A group of experts at the US Department of Energy's (DOE) Lawrence Berkeley National Laboratory (Berkeley Lab), in California, announces the development of an artificial molecule, whose chirality can be switched using just a beam of light.
Chirality can be defined as one of the most important properties of asymmetry. A molecule is considered to be chiral if it cannot be superposed onto its mirror image. Earth's life, for the most part, uses the left-handed version of amino-acids to create proteins.
In the new study, Berkeley Lab investigators led a multi-institutional team of scientists that worked out how to create a molecule which would change its chirality when exposed to a particular type of light.
In the short term, the results of this study may be used to improve energy efficiency for data processing applications, homeland security, ultrahigh-speed communications and terahertz technologies. Terahertz waves are located between infrared and microwave radiations on the electromagnetic spectrum.
Chirality can also be defined as orientation or handedness, and can be either left or right. A molecule's left- and right-handed versions are called enantiomers. These variants of the same molecule can display properties that are very different from each other.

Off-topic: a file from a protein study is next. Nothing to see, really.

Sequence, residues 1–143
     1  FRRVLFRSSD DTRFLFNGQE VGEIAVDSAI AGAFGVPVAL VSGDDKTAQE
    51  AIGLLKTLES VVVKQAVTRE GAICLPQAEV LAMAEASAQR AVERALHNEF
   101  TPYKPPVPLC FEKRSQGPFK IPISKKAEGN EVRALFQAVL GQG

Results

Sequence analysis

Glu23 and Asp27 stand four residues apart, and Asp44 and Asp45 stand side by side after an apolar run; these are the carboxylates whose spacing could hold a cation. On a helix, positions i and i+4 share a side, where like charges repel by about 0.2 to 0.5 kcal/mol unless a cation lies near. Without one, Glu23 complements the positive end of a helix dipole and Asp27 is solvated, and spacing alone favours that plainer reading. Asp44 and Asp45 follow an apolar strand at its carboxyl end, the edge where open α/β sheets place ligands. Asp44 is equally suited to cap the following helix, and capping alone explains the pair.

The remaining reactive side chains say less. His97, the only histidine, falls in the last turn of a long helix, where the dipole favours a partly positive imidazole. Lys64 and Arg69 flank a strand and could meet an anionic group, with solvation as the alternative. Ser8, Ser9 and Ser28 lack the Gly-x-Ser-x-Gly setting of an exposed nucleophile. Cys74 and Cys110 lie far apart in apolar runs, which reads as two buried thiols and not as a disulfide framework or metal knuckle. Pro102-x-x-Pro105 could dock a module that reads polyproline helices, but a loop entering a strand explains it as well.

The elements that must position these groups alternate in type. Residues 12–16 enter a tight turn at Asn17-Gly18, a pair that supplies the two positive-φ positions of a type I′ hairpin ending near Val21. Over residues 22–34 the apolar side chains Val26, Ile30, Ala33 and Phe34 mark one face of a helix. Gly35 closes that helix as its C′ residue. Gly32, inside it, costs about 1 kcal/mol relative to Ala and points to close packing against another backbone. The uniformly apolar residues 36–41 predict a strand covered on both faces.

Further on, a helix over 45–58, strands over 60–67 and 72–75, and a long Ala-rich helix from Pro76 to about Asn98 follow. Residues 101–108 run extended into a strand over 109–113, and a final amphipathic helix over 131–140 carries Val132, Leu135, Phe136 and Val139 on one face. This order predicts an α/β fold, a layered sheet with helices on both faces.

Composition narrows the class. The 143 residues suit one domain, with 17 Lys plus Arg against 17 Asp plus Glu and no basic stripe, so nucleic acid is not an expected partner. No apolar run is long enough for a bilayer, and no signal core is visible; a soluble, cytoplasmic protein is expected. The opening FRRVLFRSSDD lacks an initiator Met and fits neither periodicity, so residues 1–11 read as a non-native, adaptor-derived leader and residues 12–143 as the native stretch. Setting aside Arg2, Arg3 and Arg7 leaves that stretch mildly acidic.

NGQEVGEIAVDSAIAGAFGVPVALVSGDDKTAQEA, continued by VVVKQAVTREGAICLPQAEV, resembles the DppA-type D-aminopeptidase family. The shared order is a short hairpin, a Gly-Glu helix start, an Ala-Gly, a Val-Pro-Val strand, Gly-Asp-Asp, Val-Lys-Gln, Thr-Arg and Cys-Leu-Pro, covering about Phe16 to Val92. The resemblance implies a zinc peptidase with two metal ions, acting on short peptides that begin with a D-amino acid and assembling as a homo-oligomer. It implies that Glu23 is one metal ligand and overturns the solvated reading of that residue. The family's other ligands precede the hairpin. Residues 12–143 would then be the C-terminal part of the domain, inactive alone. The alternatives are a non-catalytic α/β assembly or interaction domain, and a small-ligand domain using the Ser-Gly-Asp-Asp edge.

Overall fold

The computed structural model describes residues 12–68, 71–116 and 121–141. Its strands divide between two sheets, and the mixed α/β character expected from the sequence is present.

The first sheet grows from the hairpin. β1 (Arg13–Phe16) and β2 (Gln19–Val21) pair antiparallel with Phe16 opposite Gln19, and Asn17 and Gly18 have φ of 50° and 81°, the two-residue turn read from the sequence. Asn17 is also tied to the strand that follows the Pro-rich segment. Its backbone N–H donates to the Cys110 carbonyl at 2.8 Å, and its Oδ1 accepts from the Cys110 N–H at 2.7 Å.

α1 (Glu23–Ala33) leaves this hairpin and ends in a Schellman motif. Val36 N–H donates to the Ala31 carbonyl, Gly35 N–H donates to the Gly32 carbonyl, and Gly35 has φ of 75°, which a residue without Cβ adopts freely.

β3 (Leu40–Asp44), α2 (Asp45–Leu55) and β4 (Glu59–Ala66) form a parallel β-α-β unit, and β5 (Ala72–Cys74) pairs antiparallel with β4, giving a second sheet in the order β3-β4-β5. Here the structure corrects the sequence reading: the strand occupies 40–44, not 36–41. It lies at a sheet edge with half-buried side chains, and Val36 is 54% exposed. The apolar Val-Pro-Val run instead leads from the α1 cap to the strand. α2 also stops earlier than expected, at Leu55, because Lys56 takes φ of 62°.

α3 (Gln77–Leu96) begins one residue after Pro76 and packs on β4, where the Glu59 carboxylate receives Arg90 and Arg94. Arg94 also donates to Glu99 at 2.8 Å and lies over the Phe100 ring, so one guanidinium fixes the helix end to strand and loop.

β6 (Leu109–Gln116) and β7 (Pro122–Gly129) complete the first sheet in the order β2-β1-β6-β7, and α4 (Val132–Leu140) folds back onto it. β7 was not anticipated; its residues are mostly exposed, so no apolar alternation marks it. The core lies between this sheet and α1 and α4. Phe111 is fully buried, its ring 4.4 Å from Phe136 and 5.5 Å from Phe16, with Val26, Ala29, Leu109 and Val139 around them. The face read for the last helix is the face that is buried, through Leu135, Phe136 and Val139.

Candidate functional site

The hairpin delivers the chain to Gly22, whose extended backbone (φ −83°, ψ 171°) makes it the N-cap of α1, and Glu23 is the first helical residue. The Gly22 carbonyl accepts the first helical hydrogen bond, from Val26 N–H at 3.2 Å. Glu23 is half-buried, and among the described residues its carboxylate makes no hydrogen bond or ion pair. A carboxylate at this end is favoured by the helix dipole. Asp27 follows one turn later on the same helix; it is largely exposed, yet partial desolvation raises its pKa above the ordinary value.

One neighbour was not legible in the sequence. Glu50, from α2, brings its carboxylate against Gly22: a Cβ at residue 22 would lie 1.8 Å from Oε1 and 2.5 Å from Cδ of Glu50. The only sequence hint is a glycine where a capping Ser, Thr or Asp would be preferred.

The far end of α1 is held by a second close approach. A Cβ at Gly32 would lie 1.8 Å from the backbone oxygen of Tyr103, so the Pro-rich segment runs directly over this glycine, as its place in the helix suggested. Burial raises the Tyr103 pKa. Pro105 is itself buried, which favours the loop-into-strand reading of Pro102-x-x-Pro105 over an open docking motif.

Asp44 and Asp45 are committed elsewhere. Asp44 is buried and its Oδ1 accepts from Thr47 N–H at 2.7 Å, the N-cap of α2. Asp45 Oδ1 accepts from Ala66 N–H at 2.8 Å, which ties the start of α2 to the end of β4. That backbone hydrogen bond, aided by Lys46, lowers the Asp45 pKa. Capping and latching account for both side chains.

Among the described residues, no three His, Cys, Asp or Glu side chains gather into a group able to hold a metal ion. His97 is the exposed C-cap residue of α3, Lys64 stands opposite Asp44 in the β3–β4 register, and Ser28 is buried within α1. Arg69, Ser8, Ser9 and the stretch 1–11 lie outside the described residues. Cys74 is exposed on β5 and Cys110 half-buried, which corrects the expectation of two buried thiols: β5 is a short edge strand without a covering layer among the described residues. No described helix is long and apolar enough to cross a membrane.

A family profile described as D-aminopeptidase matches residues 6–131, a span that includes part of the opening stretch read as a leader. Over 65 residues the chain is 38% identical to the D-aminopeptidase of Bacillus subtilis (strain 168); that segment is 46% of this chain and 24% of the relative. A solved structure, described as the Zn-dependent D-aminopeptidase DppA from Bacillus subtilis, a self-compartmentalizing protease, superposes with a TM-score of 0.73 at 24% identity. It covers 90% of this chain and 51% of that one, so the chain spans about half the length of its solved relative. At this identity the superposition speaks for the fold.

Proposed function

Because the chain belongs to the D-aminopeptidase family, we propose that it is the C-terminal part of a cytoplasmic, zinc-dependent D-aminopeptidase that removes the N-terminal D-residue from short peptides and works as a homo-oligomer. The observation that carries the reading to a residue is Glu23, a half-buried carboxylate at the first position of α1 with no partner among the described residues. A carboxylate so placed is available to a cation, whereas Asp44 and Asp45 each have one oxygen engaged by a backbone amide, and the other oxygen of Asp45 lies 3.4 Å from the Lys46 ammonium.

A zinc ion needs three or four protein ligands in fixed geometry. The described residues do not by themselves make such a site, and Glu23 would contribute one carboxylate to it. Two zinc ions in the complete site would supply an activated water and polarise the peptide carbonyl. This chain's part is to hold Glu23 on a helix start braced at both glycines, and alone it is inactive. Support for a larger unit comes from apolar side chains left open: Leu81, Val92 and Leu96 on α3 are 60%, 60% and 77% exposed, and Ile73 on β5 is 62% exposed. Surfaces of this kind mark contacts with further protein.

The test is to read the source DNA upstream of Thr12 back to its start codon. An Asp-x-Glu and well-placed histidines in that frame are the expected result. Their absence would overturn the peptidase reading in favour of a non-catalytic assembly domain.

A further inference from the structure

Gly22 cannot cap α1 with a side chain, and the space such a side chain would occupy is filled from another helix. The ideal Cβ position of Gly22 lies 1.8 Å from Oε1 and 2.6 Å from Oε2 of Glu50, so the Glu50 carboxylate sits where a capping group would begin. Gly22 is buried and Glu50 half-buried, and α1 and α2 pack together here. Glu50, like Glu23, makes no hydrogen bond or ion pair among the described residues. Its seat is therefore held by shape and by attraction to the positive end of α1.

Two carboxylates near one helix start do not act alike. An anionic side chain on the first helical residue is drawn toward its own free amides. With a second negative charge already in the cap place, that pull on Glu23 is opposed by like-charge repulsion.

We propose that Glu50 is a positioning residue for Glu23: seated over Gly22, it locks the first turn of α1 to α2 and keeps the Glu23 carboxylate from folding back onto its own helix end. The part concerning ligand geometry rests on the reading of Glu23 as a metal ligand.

“Natural materials can be induced to change their chirality but the process, which involves structural changes to the material, is weak and slow. With our artificial molecules, we’ve demonstrated strong dynamic chirality switching at light-speed,” Xiang Zhang explains.
The expert holds an appointment as a principal investigator at the Berkeley Lab Materials Sciences Division (MSD), and was one of the leaders on the new research.
“In contrast to previous demonstrations where chirality was merely switched on or off in metamaterials using photoelectric stimulation, we used an optical switch to actually reverse the chirality of our THz metamolecules,” Zhang goes on to say.
He also holds an appointment as the Ernest S. Kuh Endowed Chair professor of mechanical engineering at the University of California in Berkeley (UCB). Details of the new research were published in the latest issue of the top scientific journal Nature Communications.